To investigate whether Bcr-Abl interferes with differentiation induced by G-CSF in the presence of G-CSFR expression, stable transfectants of 32Dcl3 cells were established expressing either Bcr-Ablwt (32DBcr-Ablwt) or a kinase-inactive mutant of Bcr-Abl (32DBcr-AblK1172R) (Figure1A). In brief, 32Dcl3 cells were transfected by electroporation as described in “Materials and methods.” At 48 hours after transfection, neomycin was added to the media for selection. At 4 days after transfection, cells were plated into 96-well plates by limited dilution to establish individual single cell clones. At 3 weeks after transfection, several subclones were tested for Bcr-Abl expression. Two subclones of each cell type expressing comparable amounts of Bcr-Ablwt or Bcr-AblK1172R were identified (Figure 1A), and aliquots of such cells were cryopreserved to be used for further experiments. Freshly thawed and expanded aliquots were used for each individual experiment. Importantly, 32DBcr-Ablwt cells had been grown in IL-3–containing media continuously during the selection process and prior to analysis of G-CSF–induced differentiation.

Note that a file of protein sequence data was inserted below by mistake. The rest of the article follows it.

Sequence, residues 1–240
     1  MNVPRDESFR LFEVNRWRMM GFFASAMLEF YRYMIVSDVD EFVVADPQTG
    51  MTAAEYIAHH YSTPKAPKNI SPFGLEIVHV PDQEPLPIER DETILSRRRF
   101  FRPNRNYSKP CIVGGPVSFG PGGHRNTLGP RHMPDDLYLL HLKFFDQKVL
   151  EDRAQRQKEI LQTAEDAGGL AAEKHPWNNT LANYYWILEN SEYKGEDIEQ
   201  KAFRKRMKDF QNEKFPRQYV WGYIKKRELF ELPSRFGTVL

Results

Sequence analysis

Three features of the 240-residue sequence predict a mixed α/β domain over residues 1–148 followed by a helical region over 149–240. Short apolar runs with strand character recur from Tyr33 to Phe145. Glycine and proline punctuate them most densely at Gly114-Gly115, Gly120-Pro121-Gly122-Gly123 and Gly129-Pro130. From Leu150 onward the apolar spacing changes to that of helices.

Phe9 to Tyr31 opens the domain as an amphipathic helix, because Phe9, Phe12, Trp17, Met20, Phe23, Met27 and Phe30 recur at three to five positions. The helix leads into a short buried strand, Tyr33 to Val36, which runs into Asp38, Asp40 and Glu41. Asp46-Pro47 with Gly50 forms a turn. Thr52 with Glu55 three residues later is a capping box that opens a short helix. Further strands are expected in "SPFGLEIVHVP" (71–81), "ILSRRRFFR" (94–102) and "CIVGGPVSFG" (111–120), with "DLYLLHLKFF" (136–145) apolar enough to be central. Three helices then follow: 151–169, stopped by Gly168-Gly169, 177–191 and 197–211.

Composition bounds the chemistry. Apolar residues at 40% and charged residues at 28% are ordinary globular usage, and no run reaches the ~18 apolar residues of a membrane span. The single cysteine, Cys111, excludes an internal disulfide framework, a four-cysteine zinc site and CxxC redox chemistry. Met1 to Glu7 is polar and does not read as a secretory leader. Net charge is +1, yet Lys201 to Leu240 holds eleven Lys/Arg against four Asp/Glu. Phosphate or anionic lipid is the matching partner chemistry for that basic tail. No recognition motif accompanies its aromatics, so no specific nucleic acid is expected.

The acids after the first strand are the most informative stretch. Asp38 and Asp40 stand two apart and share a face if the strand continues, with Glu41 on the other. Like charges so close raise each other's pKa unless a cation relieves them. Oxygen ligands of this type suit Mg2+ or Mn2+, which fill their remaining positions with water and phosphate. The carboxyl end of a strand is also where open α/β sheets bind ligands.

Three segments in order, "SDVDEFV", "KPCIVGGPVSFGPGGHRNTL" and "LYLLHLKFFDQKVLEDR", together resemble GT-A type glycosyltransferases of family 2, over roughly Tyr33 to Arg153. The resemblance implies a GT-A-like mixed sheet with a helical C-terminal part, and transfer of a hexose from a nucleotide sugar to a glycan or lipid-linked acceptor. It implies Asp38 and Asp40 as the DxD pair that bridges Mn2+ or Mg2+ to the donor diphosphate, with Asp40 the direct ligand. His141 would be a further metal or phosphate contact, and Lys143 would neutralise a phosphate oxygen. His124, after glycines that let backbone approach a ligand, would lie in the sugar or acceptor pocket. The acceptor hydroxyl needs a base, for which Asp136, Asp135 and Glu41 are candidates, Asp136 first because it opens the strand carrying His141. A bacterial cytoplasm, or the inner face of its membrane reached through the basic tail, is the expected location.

It was previously shown that prolonged culture of Bcr-Abl–transformed 32Dcl3 cells might lead to loss of G-CSF receptor expression.21 However, Western blot analysis and light cycler real-time PCR showed that the 2 clones of 32DBcr-Ablwt cells used for further experiments expressed comparable levels of G-CSFR protein and mRNA (Figure 2A-B). In Western blot analysis, 3 major G-CSFR species of 85 to 90 kDa, 105 to 110 kDa, and 130 to 135 kDa, possibly representing different glycosylation states, were seen (Figure2A, arrows). Moreover, 32Dcl3 cells and 32DBcr-Ablwt cells expressed G-CSFR at comparable levels at the cell surface, as revealed by confocal microscopy (Figure 2C top panels) and FACS analysis (Figure 2C bottom panels). No G-CSFR expression was seen in L-GM cells used as a negative control. FACS controls were performed for every freshly thawed aliquot of 32DBcr-Ablwt cells prior to induction of G-CSF–induced differentiation to confirm appropriate G-CSFR expression.
Despite appropriate G-CSFR expression, 32DBcr-Ablwt cells, but not 32DBcr-AblK1172R cells, were defective in G-CSF–induced differentiation as assessed by monitoring morphologic differentiation (Figure 1B) as well as up-regulation of myeloid cell surface markers such as Mac-1 or Gr-1 (Figure 1C and data not shown).
Imatinib mesylate restores G-CSF–induced granulocytic differentiation and C/EBP transcription-factor regulation in 32DBcr-Ablwt cells